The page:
Only halfway through writing this post did I realize I’ve been listening to the many remixes of Linkin Park and Steve Aoki’s “A Light That Never Comes”. A little dismal, title-wise, but the lyrics highlight persistence and determination against all odds—a will to fight. Electromagnetic radiation isn’t present (it may never be according to the title), but the song itself is no less luminous.
What I’m trying to say is that the light is the heart and spirit. I see it even in Cormac McCarthy’s The Road in the midst of cannibalism, starvation, and abandoned homes. The toys in the grocery cart, the can of soda. The narrator introduces the cola to his son as “a treat”. These things are not necessary for survival; they are necessary for the boy’s humanity. The novel’s stakes and impact wouldn’t be remotely as high if he didn’t have it. In the middle of the night, the stars and moon not only guide us, but prove there’s something beyond, even if we can’t always see it.
Karumi translates as “light beauty with subtlety”² and is often considered to include an acceptance and connection with everything. Lorin Ford notes that the haiku master Bashō “likened it to ‘a shallow river running over sand'” and that “with that sort of river there’s a lot more water held within the depths of sand than is visible on the surface.”³
Light, by the way, is one thing all religions have in common with one another.
Where do I look for the light?
Individual moments, physical surroundings. The strength in characters. The unexpected. Language, atmosphere, and ambience.
Sometimes light comes in small details that create sparks (such as the McCarthy examples). Each spark, albeit small, adds to the whole, which ultimately carries through to theme and resonance, which stretch for lightyears. They create depth and more intriguing shadows; the unknown, not matter how frightening, is only interesting if the known can shine. For example, part of why this idea of light and its importance wouldn’t leave me is because of what I was reading after the interview. After two and a half books in the Inkheart trilogy, Cornelia Funke continues to build Inkworld, the trilogy’s fictional universe, with the tiniest details: “White moths were suddenly hanging from the bare branches like leaves made of ice, and gray-feathered owls had begun hunting the fairies” (Inkdeath 359). I already knew that the first fairies in the novels hibernated during winter, but I didn’t know the consequences of not doing so until this passage. Half a book to the end of the trilogy and my curiosity about Inkworld is still fully peaked. The details like these provide flashes of the bigger, boundless world off the page.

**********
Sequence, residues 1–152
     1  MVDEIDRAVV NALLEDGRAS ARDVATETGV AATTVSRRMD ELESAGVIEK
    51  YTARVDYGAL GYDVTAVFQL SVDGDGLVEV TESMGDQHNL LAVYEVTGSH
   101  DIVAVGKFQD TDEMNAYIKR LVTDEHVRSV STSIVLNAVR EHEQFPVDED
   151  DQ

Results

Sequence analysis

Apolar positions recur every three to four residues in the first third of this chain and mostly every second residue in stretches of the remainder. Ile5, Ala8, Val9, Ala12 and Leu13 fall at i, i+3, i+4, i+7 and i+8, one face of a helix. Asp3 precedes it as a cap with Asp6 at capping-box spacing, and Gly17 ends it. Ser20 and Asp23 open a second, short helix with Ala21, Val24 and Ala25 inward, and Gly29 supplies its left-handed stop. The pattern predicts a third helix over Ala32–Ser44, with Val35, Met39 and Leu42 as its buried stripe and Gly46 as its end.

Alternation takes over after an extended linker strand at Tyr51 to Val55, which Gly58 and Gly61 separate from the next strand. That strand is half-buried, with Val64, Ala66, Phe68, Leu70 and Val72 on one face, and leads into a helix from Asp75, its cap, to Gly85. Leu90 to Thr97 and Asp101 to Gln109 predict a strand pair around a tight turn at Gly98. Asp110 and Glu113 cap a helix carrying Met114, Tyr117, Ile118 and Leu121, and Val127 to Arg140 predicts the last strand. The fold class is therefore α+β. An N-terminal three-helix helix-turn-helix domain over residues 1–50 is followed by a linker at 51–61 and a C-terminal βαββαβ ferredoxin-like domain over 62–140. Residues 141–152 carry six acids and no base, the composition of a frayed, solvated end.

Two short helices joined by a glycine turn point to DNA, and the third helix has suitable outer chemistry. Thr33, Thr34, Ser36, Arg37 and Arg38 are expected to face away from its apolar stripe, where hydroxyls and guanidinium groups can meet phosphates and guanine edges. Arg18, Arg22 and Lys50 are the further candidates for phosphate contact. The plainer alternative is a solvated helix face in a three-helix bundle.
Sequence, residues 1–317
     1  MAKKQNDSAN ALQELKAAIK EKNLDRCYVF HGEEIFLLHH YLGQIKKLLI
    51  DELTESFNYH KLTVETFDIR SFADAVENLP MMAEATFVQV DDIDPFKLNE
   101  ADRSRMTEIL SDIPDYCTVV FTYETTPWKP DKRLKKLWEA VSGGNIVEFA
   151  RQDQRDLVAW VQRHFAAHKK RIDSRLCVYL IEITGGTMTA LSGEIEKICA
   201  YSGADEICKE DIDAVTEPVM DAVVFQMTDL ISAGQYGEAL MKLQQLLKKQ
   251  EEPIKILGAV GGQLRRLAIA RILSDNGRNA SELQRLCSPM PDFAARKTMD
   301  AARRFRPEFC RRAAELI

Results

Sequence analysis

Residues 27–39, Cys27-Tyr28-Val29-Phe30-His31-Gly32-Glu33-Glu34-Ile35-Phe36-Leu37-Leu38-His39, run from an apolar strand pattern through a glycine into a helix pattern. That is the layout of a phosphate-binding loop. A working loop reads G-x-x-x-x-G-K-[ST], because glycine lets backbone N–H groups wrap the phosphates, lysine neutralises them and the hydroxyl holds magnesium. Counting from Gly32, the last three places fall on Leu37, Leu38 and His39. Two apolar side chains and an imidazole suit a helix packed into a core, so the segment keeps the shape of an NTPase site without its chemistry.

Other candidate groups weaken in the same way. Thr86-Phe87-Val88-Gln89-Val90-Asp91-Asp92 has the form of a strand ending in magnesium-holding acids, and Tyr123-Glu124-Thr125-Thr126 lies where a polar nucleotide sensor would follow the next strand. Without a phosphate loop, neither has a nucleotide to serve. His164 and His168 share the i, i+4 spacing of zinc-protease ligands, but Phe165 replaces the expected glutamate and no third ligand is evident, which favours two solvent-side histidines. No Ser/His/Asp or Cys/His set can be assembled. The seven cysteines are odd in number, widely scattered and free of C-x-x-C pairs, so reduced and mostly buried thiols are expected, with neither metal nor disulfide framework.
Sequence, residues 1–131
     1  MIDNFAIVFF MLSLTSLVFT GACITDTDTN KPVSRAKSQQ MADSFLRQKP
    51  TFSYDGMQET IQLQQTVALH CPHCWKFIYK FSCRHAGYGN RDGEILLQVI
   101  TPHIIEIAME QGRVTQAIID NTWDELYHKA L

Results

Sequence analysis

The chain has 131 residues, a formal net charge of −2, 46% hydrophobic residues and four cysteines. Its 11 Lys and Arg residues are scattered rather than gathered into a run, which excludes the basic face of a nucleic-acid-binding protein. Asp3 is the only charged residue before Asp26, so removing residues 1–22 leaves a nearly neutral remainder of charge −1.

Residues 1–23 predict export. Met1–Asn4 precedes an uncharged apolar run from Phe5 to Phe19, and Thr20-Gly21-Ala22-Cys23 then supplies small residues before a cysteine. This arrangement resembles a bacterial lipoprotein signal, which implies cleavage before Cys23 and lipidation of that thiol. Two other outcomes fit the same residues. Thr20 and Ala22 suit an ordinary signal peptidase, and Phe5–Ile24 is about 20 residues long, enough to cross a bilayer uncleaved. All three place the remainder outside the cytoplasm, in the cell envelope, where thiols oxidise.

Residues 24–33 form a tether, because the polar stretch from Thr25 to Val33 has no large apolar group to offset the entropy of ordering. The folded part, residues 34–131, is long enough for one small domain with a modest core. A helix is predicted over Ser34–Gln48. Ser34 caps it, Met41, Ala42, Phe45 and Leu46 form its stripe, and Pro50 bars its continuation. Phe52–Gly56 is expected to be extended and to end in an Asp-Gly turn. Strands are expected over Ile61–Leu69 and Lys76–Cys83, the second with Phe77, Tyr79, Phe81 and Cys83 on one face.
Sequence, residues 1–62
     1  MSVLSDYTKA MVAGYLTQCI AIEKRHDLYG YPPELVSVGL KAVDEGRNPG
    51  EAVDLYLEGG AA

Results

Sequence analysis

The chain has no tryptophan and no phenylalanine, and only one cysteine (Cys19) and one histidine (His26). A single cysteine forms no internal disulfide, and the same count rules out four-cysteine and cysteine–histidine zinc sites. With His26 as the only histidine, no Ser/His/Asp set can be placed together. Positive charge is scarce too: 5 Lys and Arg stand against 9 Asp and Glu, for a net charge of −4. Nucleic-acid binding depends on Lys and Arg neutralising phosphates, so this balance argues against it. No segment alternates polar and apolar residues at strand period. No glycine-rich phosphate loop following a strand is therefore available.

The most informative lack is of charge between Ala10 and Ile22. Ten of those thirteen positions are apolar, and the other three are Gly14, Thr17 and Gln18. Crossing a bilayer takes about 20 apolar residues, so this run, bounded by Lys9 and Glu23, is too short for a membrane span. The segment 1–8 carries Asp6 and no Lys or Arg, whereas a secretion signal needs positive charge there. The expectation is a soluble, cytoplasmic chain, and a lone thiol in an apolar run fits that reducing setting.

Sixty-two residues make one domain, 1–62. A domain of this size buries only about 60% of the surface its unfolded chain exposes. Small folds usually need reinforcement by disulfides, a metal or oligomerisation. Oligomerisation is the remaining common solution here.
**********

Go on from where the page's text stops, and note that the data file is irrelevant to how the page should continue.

Over the last couple weeks I’ve also been leafing again through Sean Lovelace’s flash fiction collection Fog Gorgeous Stag. I read a few pages every night or so. Like any flash worth its salt, every word counts. The combinations of words flare like the blue static beneath my cats’ feet when they walk across my bedding on these winter nights. “One Mythology” from this collection glows with phrases like “A howl of fog light” combined with “of shrieking blade” (19). This journey of not even 200 words, which tells of an age where books are a rare, coveted, and possibly prohibited thing, simply concludes, “This is how we have birds.” Revelation, reverberations, connections, and dissonance (all things I think this sentence does or creates) are also forms of illumination.
The truth is I could go on and on, long into the night. But I’d much rather know what the light is for you, and where do you look for it?